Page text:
Polt Season 2 Ladder Map Analysis – Part 1
The 2014 Season 2 ladder maps were released recently. Three maps (Habitation Station, Alterzim Stronghold, and Frost) were from the last season’s map pool and 4 maps were newly chosen. Since pro and amateur players are very easily influenced by a map pool, every gamer pays attention when new map pool is announced. Now we go over traits of the new maps. Part 1 is about King Sejong Station and Merry Go Round.
King Sejong Station is probably the most familiar map to everybody. This map has been used since the first round of 2014 Proleague. It seems it is a typical two-player map, but this map is sophisticatedly made. Basically, because the map is big and the existence of debris and canyons help defend the natural and third base, players might think this map is proper to play a long macro game. On the other hand, if you suppose the debris is broken, you realize that the map has two entrances to natural and the distance between naturals is closer than you’d think. In other words, it is possible to make early aggressions. Moreover, if you put Siege Tanks beside the debris they can paralyze one vespene geyser and two minerals.
The location of the fourth base is also interesting. A player can choose one of these three options: one close to the natural, another one which is close to the third base, or one close in the center. Most players perhaps have their fourth base close to their third base, but some Zerg players choose one close to the natural and some mech players get their fourth base in the center of the map. Wherever you choose for your fourth base (except the one in the center), remember it is possible that your opponent can harass your fourth base on the ramp. Also do not forget there is a way Reapers can climb up into the main base.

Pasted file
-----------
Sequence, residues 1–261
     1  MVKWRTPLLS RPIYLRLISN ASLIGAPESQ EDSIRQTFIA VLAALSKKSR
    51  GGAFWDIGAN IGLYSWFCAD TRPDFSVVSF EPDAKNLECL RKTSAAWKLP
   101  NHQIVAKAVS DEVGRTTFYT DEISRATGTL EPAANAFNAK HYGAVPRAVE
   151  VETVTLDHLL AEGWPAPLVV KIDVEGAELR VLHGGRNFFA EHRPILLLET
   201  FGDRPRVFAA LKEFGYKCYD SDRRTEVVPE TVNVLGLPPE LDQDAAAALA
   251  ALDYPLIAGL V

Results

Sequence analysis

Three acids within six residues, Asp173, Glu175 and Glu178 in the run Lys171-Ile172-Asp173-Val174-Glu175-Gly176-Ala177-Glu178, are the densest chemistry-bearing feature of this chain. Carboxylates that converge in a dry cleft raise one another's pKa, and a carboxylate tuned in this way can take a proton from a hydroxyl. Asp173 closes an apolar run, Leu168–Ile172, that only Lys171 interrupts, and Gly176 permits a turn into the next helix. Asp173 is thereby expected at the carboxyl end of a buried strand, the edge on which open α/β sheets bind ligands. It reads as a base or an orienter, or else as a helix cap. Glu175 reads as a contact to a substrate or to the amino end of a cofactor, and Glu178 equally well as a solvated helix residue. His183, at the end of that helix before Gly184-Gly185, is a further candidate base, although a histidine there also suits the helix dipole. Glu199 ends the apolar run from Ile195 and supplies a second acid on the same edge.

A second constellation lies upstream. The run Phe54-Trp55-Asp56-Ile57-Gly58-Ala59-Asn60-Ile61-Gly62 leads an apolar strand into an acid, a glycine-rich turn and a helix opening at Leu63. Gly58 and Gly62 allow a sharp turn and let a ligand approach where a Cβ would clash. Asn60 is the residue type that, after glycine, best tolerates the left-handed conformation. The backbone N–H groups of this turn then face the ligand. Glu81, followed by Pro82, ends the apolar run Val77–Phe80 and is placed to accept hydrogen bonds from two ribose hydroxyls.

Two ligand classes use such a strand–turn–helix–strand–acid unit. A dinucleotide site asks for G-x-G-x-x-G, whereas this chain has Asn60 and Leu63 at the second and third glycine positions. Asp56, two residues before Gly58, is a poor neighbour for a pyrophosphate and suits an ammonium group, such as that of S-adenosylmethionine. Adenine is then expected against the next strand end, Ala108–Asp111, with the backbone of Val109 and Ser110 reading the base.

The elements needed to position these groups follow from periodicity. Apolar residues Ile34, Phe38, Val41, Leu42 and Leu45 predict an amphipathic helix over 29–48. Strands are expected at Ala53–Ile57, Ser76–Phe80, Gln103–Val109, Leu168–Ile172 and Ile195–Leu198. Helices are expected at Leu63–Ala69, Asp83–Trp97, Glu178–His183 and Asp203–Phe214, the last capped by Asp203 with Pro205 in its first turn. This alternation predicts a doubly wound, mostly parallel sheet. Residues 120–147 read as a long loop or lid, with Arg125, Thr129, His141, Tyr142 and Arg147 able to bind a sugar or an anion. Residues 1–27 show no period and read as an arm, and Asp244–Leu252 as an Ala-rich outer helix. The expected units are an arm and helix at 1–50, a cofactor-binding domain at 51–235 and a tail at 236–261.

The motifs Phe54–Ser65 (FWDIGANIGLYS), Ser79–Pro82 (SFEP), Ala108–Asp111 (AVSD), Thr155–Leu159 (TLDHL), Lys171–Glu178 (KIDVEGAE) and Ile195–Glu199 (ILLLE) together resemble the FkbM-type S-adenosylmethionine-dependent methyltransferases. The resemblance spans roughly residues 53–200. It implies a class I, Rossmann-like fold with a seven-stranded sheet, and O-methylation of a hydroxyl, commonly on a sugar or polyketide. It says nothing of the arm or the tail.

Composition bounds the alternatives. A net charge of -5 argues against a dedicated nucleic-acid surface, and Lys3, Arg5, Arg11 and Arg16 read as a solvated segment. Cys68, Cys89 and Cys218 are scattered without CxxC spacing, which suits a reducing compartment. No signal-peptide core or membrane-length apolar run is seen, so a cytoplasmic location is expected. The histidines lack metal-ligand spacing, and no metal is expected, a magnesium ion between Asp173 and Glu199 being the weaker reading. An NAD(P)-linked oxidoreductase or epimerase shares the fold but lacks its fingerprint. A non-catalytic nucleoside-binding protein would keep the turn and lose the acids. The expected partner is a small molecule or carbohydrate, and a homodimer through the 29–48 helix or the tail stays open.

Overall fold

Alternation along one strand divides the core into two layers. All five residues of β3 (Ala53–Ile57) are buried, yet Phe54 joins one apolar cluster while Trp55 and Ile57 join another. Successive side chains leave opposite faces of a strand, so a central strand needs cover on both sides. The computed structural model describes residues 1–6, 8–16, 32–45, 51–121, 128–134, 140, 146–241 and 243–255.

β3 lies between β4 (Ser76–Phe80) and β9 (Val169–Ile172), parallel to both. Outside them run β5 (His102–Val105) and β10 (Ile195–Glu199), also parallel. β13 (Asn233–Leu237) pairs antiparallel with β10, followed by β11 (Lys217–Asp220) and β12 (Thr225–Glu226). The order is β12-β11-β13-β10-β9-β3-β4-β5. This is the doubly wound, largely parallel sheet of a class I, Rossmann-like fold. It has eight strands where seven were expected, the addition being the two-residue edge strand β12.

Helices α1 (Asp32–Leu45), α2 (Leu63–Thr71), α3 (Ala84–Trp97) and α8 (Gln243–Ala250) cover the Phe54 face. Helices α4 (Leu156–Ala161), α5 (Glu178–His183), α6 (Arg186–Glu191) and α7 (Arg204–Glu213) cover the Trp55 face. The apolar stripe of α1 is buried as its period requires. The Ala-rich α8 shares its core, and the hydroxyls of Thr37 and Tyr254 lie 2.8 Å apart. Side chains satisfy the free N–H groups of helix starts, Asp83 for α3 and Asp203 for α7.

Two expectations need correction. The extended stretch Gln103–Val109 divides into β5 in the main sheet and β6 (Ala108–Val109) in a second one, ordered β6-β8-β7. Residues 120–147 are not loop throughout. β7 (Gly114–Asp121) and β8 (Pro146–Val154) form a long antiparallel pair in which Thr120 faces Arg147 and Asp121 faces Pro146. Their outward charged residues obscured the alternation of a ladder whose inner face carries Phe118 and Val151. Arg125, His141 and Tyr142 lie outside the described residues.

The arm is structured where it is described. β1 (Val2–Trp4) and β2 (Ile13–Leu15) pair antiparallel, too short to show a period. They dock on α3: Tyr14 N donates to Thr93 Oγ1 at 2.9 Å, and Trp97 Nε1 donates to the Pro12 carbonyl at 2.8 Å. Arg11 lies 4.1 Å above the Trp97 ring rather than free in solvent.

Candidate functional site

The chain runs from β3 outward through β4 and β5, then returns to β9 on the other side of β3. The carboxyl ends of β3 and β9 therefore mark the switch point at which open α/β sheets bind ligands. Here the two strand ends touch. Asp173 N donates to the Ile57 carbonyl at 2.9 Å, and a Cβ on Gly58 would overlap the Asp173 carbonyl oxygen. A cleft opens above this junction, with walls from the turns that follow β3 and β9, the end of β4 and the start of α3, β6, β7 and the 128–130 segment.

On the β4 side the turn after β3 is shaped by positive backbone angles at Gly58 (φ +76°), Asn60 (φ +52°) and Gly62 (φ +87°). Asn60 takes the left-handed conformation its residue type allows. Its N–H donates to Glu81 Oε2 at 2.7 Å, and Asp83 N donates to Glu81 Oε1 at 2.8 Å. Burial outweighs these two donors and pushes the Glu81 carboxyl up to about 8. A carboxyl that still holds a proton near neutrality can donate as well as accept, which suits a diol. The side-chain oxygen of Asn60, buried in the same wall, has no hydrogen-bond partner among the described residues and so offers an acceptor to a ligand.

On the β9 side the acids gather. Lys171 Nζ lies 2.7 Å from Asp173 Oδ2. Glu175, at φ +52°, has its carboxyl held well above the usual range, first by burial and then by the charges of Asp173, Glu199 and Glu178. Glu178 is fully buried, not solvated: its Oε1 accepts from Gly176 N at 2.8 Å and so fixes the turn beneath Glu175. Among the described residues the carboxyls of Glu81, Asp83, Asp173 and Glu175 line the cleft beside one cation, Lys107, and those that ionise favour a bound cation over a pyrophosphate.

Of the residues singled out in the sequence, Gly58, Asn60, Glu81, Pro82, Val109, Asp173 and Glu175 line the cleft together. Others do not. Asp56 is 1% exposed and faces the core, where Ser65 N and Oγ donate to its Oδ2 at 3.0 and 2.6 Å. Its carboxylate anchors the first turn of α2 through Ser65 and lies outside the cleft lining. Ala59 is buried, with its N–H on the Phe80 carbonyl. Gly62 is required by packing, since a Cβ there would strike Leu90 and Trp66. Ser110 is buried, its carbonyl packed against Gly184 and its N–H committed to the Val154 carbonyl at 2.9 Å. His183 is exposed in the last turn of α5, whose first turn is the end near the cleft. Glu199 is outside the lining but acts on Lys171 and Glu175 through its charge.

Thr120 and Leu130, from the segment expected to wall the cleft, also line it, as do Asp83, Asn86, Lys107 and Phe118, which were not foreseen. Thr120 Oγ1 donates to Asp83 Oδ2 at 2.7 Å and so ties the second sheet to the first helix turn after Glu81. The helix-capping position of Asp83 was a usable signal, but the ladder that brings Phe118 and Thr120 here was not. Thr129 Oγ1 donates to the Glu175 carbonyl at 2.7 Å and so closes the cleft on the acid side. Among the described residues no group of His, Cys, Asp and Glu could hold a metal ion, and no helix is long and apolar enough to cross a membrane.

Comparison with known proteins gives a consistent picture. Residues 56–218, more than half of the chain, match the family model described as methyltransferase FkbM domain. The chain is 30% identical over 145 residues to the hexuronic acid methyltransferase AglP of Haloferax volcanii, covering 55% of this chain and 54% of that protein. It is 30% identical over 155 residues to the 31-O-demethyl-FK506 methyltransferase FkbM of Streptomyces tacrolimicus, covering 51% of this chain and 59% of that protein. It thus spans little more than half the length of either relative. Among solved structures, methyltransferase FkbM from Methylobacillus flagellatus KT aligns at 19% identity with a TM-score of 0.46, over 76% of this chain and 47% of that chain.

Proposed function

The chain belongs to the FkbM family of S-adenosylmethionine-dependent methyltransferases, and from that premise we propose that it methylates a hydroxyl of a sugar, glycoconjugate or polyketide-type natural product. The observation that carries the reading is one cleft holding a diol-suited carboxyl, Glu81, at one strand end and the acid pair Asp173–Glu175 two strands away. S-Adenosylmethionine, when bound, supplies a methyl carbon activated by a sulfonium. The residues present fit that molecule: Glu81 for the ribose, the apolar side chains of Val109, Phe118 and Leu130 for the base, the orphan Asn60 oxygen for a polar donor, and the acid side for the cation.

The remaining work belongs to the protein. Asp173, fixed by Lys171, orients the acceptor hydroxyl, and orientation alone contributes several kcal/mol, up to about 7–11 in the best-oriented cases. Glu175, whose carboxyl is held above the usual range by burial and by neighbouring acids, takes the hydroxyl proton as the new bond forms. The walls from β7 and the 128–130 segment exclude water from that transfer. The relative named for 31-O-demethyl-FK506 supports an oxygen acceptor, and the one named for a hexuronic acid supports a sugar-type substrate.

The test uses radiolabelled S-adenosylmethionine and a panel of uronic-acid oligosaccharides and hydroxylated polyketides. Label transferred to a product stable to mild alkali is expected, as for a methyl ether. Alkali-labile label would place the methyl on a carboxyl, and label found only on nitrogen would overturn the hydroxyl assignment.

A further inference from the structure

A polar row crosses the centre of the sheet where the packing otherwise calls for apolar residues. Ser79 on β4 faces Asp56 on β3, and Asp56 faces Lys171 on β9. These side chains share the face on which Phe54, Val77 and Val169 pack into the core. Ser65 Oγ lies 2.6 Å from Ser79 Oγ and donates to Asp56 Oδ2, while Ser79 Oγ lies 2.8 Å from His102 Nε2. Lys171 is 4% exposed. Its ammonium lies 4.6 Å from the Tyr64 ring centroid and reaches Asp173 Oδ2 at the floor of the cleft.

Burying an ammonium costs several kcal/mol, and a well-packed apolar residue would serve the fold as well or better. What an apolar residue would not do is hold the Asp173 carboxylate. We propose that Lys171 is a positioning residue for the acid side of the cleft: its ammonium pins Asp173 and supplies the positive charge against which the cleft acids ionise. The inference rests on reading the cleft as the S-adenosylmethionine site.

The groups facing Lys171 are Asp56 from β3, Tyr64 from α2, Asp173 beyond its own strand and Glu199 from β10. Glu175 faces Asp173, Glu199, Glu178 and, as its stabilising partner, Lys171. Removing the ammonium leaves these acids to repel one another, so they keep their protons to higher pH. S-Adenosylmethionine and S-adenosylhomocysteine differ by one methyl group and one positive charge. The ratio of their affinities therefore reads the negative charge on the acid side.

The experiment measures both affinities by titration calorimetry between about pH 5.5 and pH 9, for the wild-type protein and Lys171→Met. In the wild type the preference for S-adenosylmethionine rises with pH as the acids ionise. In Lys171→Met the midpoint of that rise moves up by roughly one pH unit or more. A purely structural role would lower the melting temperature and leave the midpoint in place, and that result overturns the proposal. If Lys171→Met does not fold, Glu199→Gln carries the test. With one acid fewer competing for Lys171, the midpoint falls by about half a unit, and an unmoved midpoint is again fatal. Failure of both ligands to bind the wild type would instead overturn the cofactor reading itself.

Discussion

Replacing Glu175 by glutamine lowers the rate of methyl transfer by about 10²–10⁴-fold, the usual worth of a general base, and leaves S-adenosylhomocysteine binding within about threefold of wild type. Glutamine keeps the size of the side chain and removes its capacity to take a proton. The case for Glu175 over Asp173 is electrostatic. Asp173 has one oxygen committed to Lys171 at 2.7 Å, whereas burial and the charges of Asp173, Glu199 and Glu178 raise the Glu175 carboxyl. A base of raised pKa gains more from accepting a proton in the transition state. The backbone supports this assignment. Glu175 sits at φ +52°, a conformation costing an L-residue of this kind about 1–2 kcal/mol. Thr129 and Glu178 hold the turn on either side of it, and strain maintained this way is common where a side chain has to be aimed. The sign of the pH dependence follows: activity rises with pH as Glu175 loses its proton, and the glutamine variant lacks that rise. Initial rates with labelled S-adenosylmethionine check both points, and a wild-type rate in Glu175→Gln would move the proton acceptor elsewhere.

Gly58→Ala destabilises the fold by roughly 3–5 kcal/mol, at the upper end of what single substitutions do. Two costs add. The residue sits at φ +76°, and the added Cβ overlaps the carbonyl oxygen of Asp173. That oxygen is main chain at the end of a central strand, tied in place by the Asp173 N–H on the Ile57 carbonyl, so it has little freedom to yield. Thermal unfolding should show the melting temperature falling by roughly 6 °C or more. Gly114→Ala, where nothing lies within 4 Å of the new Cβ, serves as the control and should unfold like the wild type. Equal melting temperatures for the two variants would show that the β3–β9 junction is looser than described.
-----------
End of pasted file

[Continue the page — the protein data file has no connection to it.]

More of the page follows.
Merry Go Round is a completely newly chosen map and is the second officially chosen three-player map in Starcraft II history. Merry Go Round is very similar to Xel’Naga Fortress, which was the first officially chosen three-player map. Both maps have a Xel’Naga Tower in the center of the map, have relatively short distance between naturals, and have an opened third base. Hence, having map control is very significant on Merry Go Round and it is required for players to play aggressively. Moreover, since fourth base should be closer to the center of the map or opponent’s base, the longer game goes on, the more important having map control is.
The most unique characteristic of Merry Go Round is that there are structures surrounding the whole map. Normally, air units are possible to move to any place of the map but they can’t on this map. Because the boundary of the map is made of the structures surrounding the map, it is better to think this map is an octagonal shape rather than a square. The point you have to be wary is not to queue air units outside of the structures’ boundary. They will be just stuck at some point and not move to anywhere.